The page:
Recently I’ve been calling this the “Colonial Marines” fallacy. Many will remember Aliens: Colonial Marines as the game that dramatically under-delivered on years of hype and fan expectations. Objectively, the first 3/4 of the game is just a mediocre shooter that isn’t even the worst among Alien games. It’s the excruciating final 2 hours that leave such an awful taste in your mouth after playing it. That game is probably one of the worst examples of developers just throwing waves of enemies at you, mixed with mini-bosses and cheap deaths, just to add length to the game. It isn’t fun and it’s obviously not something they intended in the planning stage. It’s just a clear cop-out when developers can’t come up with a fun way to ratchet up the challenge, so they just reuse all the work they’ve already done until it’s hard enough.

The Evil Within 2 and Prey are serious offenders in my opinion, because they start out so good. Prey made me feel like I was playing a Bioshock game, right up until the end where it suddenly felt like one of the bad Call of Duty games (or Colonial Marines, ouch). The Evil Within 2 starts out with open environments that encourage creative play, not unlike The Last of Us. Right when you’re feeling like this is the Silent Hill/Resident Evil game you’ve been missing for years, a really cheap and Mega Man like boss battle is the first sign the fun is about to end. After that point, the end of the game is just the developers forcing you to do the same things you’ve been doing, just in extremely narrow and arbitrary circumstances, removing all of the freedom that made it fun before.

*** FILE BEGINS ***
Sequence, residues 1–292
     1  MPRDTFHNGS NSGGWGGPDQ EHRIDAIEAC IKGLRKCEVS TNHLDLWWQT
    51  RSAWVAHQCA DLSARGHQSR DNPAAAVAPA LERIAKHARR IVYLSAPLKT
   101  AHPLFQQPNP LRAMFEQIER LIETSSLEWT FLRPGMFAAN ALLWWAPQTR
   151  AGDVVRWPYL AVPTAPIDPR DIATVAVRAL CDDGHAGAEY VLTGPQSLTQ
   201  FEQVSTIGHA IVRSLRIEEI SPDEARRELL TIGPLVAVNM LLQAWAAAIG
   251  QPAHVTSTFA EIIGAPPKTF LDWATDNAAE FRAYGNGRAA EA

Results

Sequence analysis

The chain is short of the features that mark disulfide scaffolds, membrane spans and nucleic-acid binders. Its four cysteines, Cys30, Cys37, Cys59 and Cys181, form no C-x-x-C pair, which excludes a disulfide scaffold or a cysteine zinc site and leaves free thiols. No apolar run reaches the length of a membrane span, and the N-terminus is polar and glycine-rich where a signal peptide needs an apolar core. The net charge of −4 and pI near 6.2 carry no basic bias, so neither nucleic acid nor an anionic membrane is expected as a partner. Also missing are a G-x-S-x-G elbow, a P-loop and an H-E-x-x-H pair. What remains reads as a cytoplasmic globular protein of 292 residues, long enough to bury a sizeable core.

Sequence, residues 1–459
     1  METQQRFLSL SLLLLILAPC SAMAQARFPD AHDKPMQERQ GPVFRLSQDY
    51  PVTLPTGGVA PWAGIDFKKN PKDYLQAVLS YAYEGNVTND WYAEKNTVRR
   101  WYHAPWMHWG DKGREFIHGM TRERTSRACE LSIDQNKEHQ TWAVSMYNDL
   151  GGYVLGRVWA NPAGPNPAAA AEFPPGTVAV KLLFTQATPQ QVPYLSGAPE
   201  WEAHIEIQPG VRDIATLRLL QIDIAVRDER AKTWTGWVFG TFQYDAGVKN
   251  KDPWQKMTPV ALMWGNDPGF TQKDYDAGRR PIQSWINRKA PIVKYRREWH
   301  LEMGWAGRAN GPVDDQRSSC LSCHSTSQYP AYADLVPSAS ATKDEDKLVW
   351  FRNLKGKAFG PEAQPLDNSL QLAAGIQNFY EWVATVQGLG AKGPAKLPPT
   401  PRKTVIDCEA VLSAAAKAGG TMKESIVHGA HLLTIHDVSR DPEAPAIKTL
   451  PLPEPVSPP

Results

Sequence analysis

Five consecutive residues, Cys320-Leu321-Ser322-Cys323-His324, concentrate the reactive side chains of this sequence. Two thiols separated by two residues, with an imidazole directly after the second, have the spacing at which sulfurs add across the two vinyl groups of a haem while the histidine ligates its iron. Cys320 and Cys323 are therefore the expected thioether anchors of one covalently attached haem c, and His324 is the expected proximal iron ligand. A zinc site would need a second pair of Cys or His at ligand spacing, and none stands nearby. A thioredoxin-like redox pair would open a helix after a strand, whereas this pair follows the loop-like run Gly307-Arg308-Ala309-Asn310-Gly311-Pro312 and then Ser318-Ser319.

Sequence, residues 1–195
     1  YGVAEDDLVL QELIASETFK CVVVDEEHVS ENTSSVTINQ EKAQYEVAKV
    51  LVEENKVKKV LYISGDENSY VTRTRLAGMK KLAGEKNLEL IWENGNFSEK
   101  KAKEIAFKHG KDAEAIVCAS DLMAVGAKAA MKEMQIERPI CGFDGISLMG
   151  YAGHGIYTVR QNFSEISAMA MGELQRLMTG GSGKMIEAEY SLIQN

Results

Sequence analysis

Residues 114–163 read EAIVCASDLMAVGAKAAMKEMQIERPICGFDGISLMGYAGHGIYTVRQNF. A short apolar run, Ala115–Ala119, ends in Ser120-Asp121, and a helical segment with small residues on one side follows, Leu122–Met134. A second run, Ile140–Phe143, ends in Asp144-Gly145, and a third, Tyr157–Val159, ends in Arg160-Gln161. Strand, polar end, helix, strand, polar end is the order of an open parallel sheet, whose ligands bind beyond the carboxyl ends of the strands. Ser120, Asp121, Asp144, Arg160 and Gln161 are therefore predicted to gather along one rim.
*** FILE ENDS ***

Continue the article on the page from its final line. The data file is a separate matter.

Seriously guys, do not do this.

It would be better to put a good ol’ endless tower full of boss battles in the game than this. Hell, even turning the parts of the game you couldn’t finish into low-budget cinematics ala Xenogears is better than this. There is nothing that ruins a game that would be good (or even average) more quickly than taking everything that made it fun and ruining it. There’s no quicker way to do that than by making the player endlessly reuse their cool upgrades and powers in a series of repetitive rooms, with no options for creative play.

It’s especially bad if this is the last few hours of the game. You see, there’s this funny effect on review scores I like to call the glow. People usually sit down to put the conclusion in their review right after finishing the game. So the bottom line opinions about it, from both players and critics, is going to be heavily influenced by how they felt right after finishing it. If the end of your game makes people hate the things they liked about it, the word of mouth is not going to be good. It doesn’t even matter if the first 35 hours of your game were excellent (here’s looking at you Mass Effect 3), if your ending sucks you will get blasted critically.


My hope is that the negative response to these endings will give developers ammunition when negotiating more time and money from publishers. It’s not hard to imagine that a lot of these “cookie-cutter” endings are the result of men in suits saying “just ship it”. As we’ve seen with these games though, it can make a big difference in how the game is perceived. The early press for Prey was all very good. I myself was ready to call it the spiritual successor to Bioshock. Then we all got to the super lame ending and badly paced plot twist and the metacritic plunged below 90. Not enough to make it considered a bad game by any means, but immediately removing it from any comparison to better games like Bioshock. That’s the sort of difference that can make or break a franchise. Bioshock was a good game, but it was the dramatic ending that made it so legendary.